Opening your eyes to other ways to travel


Carla Stockton-Jones, UK Managing Director of Stagecoach – co-founders of the Urban Mobility Partnership – discusses the challenge of enticing motorists out of their cars, and why the solution lies in partnership and a multi-modal approach

When Stagecoach and Enterprise co-founded the Urban Mobility Partnership back in 2019, it was with a shared ambition to deliver more sustainable mobility in towns and cities across the UK.
It may have seemed strange to some that a public transport operator and a car hire and car share business would be working together, but the rationale has always been very clear. The old and inefficient transport model of car ownership and the damage congestion does to our economy, air quality in our communities, and our global environment, is not sustainable.
We both understood that delivering a step-change in the shift from owned cars to sustainable mobility needed partnership, and no one mode offered a complete solution.
The Urban Mobility Partnership now has members representing a range of other modes too, from cycling to micro mobility, as well as experts in the transport value chain, such as e-ticketing and the planning system where decisions directly influence transport choices by consumers.
Much of the conversation around green mobility, including at the COP26 climate change summit in Glasgow, has been around new technology. Stagecoach, for its part, is targeting a zero emission UK bus fleet by 2035.
In 2023, we are planning to increase our electric bus fleet by over 85 per cent as we continue our journey towards being a net zero business. We already operate one of Europe’s biggest e-bus fleets in Manchester, and in the year ahead, we will be increasing our electric bus fleet from 184 buses to 343. Stagecoach will also be launching the first all-electric city bus networks in the UK in Inverness and Perth in the first quarter of 2023.
But as the UK Committee on Climate Change has made clear, technology is only part of the solution to transport’s big carbon footprint, the majority of which comes from petrol and diesel cars. A significant proportion of the emissions reduction needed to deliver the country’s net zero ambitions will have to come from real and lasting behaviour change.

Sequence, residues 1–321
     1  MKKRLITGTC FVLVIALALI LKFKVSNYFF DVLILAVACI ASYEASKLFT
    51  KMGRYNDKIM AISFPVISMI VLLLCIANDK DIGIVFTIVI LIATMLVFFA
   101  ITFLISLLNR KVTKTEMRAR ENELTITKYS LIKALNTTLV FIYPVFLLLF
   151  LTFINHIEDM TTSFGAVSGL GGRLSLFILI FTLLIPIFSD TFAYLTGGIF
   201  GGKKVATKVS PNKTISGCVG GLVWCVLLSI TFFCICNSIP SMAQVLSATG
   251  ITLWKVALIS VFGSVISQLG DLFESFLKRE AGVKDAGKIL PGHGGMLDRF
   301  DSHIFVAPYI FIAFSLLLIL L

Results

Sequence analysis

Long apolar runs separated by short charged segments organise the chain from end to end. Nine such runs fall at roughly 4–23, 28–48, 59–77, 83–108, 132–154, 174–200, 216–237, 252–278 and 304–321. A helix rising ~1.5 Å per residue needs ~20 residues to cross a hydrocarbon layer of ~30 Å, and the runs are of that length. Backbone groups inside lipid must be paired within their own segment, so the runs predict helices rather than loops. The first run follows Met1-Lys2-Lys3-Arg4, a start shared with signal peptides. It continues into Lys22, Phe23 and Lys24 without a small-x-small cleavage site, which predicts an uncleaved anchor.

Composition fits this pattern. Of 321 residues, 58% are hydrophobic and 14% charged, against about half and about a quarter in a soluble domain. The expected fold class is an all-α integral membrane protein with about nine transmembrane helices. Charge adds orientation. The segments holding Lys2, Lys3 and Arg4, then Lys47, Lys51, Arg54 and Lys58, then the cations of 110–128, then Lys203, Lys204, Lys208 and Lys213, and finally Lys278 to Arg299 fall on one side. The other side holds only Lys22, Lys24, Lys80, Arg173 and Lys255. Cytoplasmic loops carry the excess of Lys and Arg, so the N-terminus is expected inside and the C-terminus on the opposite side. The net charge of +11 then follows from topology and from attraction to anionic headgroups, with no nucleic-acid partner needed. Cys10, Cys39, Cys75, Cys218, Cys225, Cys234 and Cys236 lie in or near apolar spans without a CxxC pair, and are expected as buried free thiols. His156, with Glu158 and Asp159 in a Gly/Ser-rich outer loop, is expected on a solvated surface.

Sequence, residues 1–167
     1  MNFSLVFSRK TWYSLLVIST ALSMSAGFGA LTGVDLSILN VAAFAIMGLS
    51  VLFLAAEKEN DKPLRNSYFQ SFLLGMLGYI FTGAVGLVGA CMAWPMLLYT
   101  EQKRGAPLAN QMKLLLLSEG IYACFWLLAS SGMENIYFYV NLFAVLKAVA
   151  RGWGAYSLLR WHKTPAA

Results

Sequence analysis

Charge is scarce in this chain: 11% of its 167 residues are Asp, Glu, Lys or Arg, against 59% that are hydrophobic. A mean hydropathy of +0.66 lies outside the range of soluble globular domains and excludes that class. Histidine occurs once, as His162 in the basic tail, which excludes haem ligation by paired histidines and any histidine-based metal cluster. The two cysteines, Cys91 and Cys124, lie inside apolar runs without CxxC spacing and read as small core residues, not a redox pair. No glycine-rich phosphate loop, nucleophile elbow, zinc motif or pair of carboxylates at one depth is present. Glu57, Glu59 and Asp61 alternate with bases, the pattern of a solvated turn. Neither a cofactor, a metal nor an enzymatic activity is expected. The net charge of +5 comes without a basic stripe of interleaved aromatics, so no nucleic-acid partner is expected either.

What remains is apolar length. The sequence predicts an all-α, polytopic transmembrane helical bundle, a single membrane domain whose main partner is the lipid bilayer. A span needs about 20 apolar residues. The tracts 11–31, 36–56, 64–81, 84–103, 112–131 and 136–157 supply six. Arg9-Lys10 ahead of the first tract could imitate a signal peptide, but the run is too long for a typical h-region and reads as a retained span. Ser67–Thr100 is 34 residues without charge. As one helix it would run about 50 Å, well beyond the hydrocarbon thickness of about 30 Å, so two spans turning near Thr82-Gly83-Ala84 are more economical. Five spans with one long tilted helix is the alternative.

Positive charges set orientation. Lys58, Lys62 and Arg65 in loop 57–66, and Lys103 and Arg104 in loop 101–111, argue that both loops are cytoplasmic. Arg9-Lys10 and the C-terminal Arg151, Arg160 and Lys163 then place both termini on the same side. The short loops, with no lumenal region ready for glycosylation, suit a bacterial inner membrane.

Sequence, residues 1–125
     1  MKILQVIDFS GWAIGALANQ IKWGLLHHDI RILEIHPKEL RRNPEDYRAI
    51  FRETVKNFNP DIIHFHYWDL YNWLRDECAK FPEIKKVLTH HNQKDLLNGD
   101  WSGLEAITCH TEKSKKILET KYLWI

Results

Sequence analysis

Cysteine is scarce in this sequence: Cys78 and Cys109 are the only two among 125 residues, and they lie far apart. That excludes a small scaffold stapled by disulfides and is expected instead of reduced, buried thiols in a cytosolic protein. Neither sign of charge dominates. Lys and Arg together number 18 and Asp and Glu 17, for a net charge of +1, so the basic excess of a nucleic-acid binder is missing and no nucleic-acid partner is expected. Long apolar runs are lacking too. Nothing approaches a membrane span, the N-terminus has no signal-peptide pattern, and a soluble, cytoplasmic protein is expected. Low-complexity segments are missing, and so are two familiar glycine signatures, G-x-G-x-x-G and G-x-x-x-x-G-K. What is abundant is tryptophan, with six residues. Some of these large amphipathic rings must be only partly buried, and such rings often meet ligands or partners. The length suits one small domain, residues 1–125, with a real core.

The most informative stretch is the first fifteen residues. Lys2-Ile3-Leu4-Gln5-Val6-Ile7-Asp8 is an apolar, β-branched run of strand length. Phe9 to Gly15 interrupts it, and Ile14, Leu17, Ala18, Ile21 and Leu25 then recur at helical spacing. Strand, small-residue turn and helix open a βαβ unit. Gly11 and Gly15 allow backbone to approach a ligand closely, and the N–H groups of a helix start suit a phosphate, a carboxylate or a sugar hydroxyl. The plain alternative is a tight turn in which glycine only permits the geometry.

Changing behaviour

We need to change how we travel, moving people away from cars to walking, cycling and wheeling, and public transport, as well as accessing more efficient car share and car hire where necessary.
Since the turn of the year, the UK Government has launched a £2 single fares scheme on buses across England, which runs until the end of March. This is a great opportunity to convince people of the benefits of getting out of their cars and onto the bus, the most used form of public transport with the biggest reach in local communities.
But the lure of cheap fares is only one part of a tailored and partnership approach that is needed to get people to consider another way to travel and address the road congestion that is on the rise once again.
Britons are undoubtedly wedded to their cars – whether commuting for work, taking children to school, shopping for groceries or seeing friends, cars are the way people make most of the journeys in their lives. This is because it seems like the most cost effective and practical option for the journeys we are making. It is arguably embedded in our behaviour.

Yet despite this, consumer research carried out by Stagecoach shows that most people are open to using their car less. Already some people have responded to rising fuel prices by using their car less and taking journeys by other means.